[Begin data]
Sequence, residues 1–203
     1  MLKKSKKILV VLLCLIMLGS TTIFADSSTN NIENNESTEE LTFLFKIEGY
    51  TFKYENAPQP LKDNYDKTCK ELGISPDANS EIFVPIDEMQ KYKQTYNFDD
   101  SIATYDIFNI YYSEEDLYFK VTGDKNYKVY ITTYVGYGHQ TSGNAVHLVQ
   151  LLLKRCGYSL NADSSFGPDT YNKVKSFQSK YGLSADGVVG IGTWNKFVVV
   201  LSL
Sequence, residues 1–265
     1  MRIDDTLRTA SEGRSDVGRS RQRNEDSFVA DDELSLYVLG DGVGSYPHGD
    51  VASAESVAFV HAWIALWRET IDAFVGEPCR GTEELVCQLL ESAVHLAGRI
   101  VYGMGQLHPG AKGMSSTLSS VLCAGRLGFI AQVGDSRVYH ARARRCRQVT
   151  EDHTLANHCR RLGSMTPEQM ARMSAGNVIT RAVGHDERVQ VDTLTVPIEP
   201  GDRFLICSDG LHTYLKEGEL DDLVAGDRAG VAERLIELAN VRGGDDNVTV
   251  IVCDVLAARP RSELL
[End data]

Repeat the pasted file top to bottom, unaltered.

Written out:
Sequence, residues 1–203
     1  MLKKSKKILV VLLCLIMLGS TTIFADSSTN NIENNESTEE LTFLFKIEGY
    51  TFKYENAPQP LKDNYDKTCK ELGISPDANS EIFVPIDEMQ KYKQTYNFDD
   101  SIATYDIFNI YYSEEDLYFK VTGDKNYKVY ITTYVGYGHQ TSGNAVHLVQ
   151  LLLKRCGYSL NADSSFGPDT YNKVKSFQSK YGLSADGVVG IGTWNKFVVV
   201  LSL
Sequence, residues 1–265
     1  MRIDDTLRTA SEGRSDVGRS RQRNEDSFVA DDELSLYVLG DGVGSYPHGD
    51  VASAESVAFV HAWIALWRET IDAFVGEPCR GTEELVCQLL ESAVHLAGRI
   101  VYGMGQLHPG AKGMSSTLSS VLCAGRLGFI AQVGDSRVYH ARARRCRQVT
   151  EDHTLANHCR RLGSMTPEQM ARMSAGNVIT RAVGHDERVQ VDTLTVPIEP
   201  GDRFLICSDG LHTYLKEGEL DDLVAGDRAG VAERLIELAN VRGGDDNVTV
   251  IVCDVLAARP RSELL